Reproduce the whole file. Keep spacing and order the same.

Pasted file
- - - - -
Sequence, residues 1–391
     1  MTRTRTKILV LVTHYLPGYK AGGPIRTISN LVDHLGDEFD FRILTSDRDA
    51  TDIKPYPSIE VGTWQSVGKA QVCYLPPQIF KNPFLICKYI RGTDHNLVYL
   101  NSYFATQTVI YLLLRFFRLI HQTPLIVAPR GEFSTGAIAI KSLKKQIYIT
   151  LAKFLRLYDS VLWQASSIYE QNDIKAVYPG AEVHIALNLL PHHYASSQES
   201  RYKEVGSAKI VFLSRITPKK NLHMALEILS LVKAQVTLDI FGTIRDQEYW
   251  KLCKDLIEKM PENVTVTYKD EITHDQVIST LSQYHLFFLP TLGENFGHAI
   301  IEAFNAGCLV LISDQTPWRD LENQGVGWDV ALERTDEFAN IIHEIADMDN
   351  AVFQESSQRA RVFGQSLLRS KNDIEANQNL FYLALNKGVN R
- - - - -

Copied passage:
Sequence, residues 1–391
     1  MTRTRTKILV LVTHYLPGYK AGGPIRTISN LVDHLGDEFD FRILTSDRDA
    51  TDIKPYPSIE VGTWQSVGKA QVCYLPPQIF KNPFLICKYI RGTDHNLVYL
   101  NSYFATQTVI YLLLRFFRLI HQTPLIVAPR GEFSTGAIAI KSLKKQIYIT
   151  LAKFLRLYDS VLWQASSIYE QNDIKAVYPG AEVHIALNLL PHHYASSQES
   201  RYKEVGSAKI VFLSRITPKK NLHMALEILS LVKAQVTLDI FGTIRDQEYW
   251  KLCKDLIEKM PENVTVTYKD EITHDQVIST LSQYHLFFLP TLGENFGHAI
   301  IEAFNAGCLV LISDQTPWRD LENQGVGWDV ALERTDEFAN IIHEIADMDN
   351  AVFQESSQRA RVFGQSLLRS KNDIEANQNL FYLALNKGVN R